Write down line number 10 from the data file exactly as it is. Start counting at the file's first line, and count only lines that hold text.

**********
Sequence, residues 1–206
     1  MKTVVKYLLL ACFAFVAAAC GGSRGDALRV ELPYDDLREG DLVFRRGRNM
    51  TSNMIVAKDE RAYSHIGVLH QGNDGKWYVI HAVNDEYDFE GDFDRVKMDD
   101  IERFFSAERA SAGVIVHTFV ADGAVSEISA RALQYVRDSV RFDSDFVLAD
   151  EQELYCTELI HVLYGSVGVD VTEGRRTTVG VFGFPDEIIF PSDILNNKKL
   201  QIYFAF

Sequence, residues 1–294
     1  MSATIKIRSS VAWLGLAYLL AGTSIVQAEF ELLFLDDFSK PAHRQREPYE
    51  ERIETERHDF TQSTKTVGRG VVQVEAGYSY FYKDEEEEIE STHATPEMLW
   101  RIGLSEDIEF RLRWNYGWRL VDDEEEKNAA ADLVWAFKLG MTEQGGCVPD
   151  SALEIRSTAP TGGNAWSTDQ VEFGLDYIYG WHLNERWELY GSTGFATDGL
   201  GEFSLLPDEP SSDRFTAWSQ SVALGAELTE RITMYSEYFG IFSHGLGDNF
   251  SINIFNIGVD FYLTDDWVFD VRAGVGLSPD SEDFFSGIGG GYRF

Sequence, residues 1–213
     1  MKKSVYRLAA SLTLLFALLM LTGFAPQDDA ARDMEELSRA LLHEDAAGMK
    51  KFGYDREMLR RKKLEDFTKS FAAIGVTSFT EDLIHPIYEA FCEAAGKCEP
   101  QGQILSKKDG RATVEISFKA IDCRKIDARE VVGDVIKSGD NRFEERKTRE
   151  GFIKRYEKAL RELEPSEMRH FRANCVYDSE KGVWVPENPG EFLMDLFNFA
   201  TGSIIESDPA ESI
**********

   101  RIGLSEDIEF RLRWNYGWRL VDDEEEKNAA ADLVWAFKLG MTEQGGCVPD